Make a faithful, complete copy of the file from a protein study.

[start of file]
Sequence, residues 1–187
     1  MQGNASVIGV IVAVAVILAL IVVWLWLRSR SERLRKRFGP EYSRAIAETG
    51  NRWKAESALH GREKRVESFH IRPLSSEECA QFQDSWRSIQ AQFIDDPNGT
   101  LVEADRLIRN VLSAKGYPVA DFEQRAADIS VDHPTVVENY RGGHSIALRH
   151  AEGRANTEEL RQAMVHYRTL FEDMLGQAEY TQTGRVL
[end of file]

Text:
Sequence, residues 1–187
     1  MQGNASVIGV IVAVAVILAL IVVWLWLRSR SERLRKRFGP EYSRAIAETG
    51  NRWKAESALH GREKRVESFH IRPLSSEECA QFQDSWRSIQ AQFIDDPNGT
   101  LVEADRLIRN VLSAKGYPVA DFEQRAADIS VDHPTVVENY RGGHSIALRH
   151  AEGRANTEEL RQAMVHYRTL FEDMLGQAEY TQTGRVL